A possible interpretation of these results is that the dramatic expansion of NS3 1073–specific CD8 T cells in patients 1 and 2 was related to the presence of a private repertoire of memory T cells able to cross-react with the HCV sequence. The high degree of homology reported between HCV NS3 1073–1081 and influenza NA 231–239 sequences (10) supports this possibility. Moreover, T cell cross-reactivity between these two HCV and influenza sequences was observed in humans (HCV-infected patients and healthy HCV-uninfected subjects) and in HLA-A2+ transgenic mice (10). In addition, severe immunopathology after viral infection was shown to be caused in mice by the expansion of memory T cells from an earlier infection that cross-reacted with a second unrelated heterologous virus (3–6). Homology of the NS3 1073–1081 and the influenza NA 231–239 sequences was confirmed in our study by sequence analysis of the NS3 region performed on individual cDNA clones (18) in the patients with severe liver pathology (patients 1 and 2). Furthermore, database analysis indicates that the influenza NA 231–239 epitope is highly conserved among the published influenza sequences of H1N1 and H3N2 subtypes that are the only influenza subtypes isolated during the last 15 yr in the geographical region where the patients lived.
To determine whether potentially cross-reactive CD8 T cells were present in patients with severe liver pathology, direct ex vivo IFN-γ ELISPOT analysis was performed in patients 1 and 2 (severe liver pathology) and in patients 6 and 7 (milder disease) for comparison. Although all patients showed a flu matrix 58–66–specific CD8 T cell response, demonstrating prior sensitization to influenza, NA 231 influenza–specific cells were detected exclusively in patients 1 and 2 (Fig. 4 A).
Next, functional experiments were performed to assess whether NS3 1073–specific CD8+ T cells in patients 1 and 2 could be activated by the NA 231–239 sequence. Ex vivo analysis showed that NA 231–239 peptide stimulation elicited up-regulation of CD107a expression (Fig. 4 B; reference 19) and IFN-γ production (Fig. 4 C) selectively among NS3 1073–1081 tetramer+ cells, but not among the tetramer− CD8 T cell subset.
In keeping with ex vivo experiments, cross-recognition of HCV NS3 1073 and flu NA 231 peptides was observed in NS3-specific and flu NA–specific T cell lines derived from patients 1 and 2 but not in NS3-specific lines derived from patients 3 and 7 (Fig. 4 D). Furthermore, IFN-γ production upon NA 231–239 peptide stimulation was restricted to the NS3 1073–1081 tetramer+ CD8 fraction of the NS3-specific lines in patient 1 (Fig. 4 D). Finally, cytotoxicity experiments performed using HCV NS3 1073–specific T cell lines derived from patients 1 and 3 confirmed the selective presence of cross-reactivity in patients with severe liver pathology (Fig. 4 E).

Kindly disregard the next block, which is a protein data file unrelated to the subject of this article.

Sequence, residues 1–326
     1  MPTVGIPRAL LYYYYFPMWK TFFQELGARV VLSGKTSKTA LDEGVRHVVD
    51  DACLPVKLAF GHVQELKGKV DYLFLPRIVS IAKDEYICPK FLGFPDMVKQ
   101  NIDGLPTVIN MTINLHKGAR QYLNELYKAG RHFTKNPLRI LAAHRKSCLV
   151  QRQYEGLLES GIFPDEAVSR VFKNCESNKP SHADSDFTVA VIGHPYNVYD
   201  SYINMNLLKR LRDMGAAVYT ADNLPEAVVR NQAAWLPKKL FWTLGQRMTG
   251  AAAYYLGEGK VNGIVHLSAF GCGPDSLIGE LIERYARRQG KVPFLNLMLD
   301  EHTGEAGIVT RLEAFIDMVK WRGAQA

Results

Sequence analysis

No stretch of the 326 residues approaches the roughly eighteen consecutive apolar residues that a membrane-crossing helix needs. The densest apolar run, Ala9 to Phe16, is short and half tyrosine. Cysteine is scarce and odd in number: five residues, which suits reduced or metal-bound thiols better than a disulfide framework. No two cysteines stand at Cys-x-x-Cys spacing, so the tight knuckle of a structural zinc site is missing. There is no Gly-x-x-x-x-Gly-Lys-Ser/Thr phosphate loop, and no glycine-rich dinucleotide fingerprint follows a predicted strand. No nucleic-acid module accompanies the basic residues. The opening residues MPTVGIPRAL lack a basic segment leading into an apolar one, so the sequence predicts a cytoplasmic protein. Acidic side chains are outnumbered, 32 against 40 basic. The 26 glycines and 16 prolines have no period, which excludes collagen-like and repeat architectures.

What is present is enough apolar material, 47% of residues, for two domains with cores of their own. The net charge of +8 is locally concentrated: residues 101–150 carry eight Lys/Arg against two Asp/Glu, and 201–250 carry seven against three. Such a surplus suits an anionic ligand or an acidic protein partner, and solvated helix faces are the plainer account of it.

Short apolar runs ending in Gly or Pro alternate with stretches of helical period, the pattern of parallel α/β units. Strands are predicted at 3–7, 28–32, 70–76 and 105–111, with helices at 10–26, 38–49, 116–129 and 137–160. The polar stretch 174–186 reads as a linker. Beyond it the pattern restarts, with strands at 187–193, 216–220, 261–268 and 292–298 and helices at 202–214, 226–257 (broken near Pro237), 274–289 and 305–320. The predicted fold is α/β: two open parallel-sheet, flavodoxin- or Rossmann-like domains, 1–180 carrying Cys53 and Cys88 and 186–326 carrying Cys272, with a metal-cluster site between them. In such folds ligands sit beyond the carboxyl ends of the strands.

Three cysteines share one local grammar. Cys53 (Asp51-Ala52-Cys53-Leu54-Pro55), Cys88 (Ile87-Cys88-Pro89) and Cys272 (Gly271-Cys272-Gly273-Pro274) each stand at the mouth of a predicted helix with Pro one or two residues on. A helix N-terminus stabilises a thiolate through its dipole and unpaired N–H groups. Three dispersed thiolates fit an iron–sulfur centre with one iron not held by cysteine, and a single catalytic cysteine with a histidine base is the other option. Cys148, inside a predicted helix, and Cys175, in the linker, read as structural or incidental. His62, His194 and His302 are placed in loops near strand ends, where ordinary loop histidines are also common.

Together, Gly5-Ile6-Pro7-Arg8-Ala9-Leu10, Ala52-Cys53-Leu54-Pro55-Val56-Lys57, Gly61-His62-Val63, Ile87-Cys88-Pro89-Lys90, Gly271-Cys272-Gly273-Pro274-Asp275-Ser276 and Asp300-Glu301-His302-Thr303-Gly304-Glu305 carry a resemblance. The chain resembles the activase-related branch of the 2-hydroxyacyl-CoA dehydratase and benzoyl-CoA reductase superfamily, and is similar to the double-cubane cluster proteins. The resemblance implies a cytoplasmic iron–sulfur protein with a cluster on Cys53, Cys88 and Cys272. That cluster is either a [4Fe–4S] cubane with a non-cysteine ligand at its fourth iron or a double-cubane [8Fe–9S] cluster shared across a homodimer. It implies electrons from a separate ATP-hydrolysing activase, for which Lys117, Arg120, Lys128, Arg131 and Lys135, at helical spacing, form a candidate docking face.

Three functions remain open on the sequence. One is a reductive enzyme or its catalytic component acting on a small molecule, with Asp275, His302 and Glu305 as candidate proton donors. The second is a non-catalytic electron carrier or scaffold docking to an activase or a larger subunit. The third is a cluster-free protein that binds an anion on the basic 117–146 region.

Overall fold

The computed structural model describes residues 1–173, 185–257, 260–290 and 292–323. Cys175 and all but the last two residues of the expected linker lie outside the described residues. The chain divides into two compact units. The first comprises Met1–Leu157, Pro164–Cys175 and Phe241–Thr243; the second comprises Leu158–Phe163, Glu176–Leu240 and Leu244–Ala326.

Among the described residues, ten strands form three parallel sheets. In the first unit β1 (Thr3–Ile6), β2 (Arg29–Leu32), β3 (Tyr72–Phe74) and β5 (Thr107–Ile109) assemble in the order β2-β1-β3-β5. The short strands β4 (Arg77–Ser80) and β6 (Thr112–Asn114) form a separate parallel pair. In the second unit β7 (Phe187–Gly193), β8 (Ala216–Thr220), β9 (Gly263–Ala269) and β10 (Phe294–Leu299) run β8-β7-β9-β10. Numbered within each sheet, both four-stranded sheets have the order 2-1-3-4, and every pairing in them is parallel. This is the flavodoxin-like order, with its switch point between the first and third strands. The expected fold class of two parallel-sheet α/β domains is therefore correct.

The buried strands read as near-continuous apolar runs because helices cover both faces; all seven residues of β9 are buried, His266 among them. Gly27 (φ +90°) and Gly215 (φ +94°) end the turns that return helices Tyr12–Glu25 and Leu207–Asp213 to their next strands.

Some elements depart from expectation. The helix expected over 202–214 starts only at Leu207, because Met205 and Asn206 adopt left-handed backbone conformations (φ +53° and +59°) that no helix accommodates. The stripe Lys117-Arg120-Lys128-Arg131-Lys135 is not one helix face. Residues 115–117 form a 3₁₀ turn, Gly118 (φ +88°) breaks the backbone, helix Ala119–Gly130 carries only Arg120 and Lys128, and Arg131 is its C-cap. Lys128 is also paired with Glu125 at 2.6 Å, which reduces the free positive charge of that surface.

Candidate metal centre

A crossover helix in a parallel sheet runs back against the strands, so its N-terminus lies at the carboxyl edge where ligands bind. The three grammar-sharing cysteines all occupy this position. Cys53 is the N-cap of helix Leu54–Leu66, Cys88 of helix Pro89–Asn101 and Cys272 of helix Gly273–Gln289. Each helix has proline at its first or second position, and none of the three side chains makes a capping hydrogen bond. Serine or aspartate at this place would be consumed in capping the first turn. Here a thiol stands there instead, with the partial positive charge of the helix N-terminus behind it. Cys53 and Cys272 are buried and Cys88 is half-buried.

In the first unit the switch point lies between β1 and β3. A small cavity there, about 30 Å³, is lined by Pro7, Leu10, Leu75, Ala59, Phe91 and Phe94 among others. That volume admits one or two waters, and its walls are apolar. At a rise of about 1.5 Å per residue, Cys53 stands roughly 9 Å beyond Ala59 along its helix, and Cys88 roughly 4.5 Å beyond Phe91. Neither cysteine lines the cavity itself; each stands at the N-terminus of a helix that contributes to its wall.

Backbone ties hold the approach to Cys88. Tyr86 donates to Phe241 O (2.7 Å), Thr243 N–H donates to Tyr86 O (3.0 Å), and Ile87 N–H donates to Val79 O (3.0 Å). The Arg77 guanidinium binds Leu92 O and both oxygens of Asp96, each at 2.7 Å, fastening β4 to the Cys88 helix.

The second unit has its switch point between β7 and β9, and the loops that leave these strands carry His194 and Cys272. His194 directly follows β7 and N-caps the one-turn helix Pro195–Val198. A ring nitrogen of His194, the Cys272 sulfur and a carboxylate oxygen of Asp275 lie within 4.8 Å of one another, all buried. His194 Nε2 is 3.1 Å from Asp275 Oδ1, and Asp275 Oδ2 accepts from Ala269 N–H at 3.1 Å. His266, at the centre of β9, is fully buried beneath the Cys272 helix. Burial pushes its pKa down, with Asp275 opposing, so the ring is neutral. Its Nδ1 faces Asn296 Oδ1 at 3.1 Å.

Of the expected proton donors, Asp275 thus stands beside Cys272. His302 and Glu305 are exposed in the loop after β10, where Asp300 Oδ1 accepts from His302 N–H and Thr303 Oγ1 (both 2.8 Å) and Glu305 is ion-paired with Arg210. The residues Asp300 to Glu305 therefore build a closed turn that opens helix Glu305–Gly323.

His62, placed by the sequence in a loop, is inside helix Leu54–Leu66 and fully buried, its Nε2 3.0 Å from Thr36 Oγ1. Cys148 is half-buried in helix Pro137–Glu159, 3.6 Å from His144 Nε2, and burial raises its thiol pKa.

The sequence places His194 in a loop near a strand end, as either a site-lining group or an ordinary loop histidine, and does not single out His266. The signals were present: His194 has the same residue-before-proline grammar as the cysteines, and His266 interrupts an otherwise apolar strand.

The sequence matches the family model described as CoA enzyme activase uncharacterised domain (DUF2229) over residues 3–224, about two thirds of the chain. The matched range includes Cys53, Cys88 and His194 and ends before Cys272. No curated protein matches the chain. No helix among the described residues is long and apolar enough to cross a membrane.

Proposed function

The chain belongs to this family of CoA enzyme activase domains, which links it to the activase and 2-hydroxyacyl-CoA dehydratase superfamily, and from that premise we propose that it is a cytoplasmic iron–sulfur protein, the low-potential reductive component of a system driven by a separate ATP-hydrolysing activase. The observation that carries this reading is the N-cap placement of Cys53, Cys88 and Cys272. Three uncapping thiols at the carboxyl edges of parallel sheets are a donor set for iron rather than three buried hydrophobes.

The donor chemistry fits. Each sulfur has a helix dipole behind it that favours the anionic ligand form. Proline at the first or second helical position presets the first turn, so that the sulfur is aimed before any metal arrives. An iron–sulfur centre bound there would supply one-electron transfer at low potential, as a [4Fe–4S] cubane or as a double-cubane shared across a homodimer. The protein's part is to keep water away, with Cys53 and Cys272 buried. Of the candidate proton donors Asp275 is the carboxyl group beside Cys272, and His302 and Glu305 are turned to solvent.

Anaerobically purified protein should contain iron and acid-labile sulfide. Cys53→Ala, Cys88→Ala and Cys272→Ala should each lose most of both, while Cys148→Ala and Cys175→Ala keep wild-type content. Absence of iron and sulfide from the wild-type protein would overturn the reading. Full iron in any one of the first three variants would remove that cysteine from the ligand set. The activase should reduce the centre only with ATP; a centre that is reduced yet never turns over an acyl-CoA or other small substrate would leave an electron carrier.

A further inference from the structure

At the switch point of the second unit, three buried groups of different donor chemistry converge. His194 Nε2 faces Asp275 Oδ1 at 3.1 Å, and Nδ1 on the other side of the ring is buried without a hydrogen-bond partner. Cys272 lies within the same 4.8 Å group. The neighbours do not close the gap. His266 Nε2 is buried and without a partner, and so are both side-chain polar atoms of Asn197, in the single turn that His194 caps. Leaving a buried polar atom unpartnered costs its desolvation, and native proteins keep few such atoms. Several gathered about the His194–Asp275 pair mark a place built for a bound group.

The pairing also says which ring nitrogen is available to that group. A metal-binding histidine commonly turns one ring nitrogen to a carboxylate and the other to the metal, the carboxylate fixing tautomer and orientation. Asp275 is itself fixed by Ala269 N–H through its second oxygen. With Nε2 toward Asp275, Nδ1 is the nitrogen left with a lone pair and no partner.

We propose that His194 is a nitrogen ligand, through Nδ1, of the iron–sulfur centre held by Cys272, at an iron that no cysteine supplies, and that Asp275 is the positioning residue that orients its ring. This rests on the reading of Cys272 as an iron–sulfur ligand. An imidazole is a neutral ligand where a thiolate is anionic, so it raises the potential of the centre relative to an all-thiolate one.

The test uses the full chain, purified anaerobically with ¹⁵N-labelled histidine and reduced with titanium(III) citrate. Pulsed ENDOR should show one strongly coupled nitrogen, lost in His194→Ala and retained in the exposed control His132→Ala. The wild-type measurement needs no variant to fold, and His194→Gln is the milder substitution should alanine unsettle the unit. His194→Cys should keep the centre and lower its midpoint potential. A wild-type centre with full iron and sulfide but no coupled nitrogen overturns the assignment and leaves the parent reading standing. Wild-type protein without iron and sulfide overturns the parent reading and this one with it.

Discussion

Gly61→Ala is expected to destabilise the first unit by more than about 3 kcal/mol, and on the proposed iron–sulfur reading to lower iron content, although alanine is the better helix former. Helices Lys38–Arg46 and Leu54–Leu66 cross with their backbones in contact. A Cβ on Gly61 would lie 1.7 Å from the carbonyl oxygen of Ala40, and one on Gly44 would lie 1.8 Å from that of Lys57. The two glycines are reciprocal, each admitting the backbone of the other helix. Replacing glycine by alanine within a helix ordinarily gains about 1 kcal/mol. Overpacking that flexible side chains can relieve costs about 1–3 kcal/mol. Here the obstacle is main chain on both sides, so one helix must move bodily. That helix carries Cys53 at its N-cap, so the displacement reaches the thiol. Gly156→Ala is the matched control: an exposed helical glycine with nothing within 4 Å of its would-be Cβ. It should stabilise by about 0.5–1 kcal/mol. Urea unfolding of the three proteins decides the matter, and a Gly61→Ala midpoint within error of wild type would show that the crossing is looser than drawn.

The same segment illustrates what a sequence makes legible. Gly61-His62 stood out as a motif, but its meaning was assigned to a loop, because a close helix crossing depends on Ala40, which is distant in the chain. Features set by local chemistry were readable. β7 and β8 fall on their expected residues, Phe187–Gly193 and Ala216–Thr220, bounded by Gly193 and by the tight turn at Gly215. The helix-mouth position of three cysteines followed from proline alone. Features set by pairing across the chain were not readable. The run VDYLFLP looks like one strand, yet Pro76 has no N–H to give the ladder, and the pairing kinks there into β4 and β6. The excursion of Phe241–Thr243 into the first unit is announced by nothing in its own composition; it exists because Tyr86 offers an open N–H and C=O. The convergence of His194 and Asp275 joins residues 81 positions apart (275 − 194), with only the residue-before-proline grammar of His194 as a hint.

Together, these data show that although sensitization to influenza is a very common event, the individual private repertoire of memory T cells seems to be the limiting factor for cross-reactivity between HCV and influenza to occur. A private T cell repertoire of HCV/influenza cross-reactive T cells was present exclusively in the patients with severe hepatic immunopathology. In this setting, reactivation of preexisting influenza-specific memory CD8+ T cells by a primary HCV infection may have resulted in the strong immunodominance of the NS3 1073–specific CD8+ T cell response present in these two patients. Notably, the kinetics of expansion and contraction of HCV-specific CD8+ T cell responses in patient 1 further supports the possibility that memory CD8+ T cells able to cross-react with the HCV NS3 1073 sequence were actually present. In this patient, a massive expansion (36%) of NS3 1073–specific CD8+ T cells was already detectable as early as 2–3 wk from the time of a previous hospitalization, which likely corresponds to the time of infection. In contrast, other HCV-specific CD8+ T cells (against the NS5 sequence 1992–2000) increased their frequency at later time points, when the NS3 1073–specific response was already in a contracting phase (Fig. 5). Because memory T cells exhibit a more rapid response than naive T cells, the differential kinetics of HCV-specific CD8 T cells specific for different epitopes located in nonstructural proteins further supports the view that NS3 1073 cross-reactive memory T cells were present before HCV infection. This rapid appearance of NS3 1073–specific T cell responses is also different from the kinetics reported in patients accidentally infected by needlestick exposure to HCV positive blood (17) and in primary infection of chimpanzees (20) in which HCV-specific T cell responses were detectable only ∼2 mo after infection.